On Anthropomorphism & The Vague Dreams Of Ola Volo’s Childhood

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by Grady Mitchell | You may not have realized it at the time, but you’ve probably seen an Ola Volo piece before. A stroll through any Vancouver neighbourhood is liable to uncover one of the dozens of walls and buildings, both large and small, that bear the local illustrator’s work. Aside from public spaces, she’s created commissions for Hootsuite, Lululemon, Save On Meats, The Fox Cabaret and numerous companies and publications in Vancouver and beyond. Take a quick look through her portfolio and it’s obvious why.

Ola combines a whimsical fascination with childhood fantasy with the distinct artistic style of her Eastern European heritage, using intricate patterns to tell folky day-dream stories. In addition to her commissions, she is forever scribbling away at personal projects. We pulled her away from the paper and pen to ask a few questions.

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I know your heritage has significantly influenced your work. Can you tell me about that style of art, and how it’s affected your work? Multiculturalism has been a very inspirational concept for my work. I come from a diverse Eastern European and Asian background that was complicated by historic transitions during my childhood. My origin, my move to BC, and my subsequent immersion in its own variety of cultures, has undeniably become the main focus of my art. My illustrations merge aspects of history, people, animals and traditions through patterns. I use specific patterns to form specific narratives. Learning about patterns and the ways they are used to embellish and define a culture has been very interesting to me. Thus the mixing of the right kind of pattern is integral to my art, and the intentionality of patterns gives me a lot to play with.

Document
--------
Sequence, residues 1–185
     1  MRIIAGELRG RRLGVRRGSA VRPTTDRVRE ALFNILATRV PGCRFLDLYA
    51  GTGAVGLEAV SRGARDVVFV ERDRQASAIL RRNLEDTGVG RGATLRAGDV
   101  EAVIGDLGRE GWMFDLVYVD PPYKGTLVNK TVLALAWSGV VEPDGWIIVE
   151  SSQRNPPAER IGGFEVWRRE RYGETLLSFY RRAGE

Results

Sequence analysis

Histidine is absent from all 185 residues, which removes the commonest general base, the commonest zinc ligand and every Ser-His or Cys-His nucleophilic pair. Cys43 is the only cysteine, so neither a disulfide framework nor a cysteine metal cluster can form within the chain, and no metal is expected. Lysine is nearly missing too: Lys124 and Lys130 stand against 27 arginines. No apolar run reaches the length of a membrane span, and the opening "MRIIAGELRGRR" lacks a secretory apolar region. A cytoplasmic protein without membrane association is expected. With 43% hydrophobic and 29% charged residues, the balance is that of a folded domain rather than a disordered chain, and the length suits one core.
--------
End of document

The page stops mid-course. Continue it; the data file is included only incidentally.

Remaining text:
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A lot of your work calls back to childhood fantasy. What about that phase of life intrigues you? Great question. When I was growing up, Kazakhstan’s landscape and culture were completely different than they are now. That time of my life seems like a vague dream, as childhood seems for most adults but even more so because of the unrecognizability of the sites of my childhood now. Tapping into those childhood memories, and further exploring stories and characters that shaped my childhood world is a nostalgic act, perhaps. It may sound a bit saddening but its always a fun day at the studio!

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Storytelling is another major part of your images. Why is that important to you? How do you incorporate stories into a piece? I believe that a visual narrative is a great way to connect with people especially in multi-lingual cities. I attempt to communicate through anthropomorphism. Through animal characters I’m able to mimic different types of personalities and emotions without excluding too many people, and tell stories that hopefully can be interpreted in different ways.

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Any upcoming projects you want people to know about? Lot’s of interesting projects lined up for this year, you can follow me on Instagram and keep up to date with my future projects!

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There is 1 comment

  1. A perfect example of how stunning and beautiful street/wall/graffiti art be. Of course, this is a commissioned piece on a wall with the owner’s permission. People have to open up their minds to the totally relevant value of this type of art and the mostly transient nature of it. Maybe Vancouver should explore the possibility of having some “public walls” for artists to express themselves on.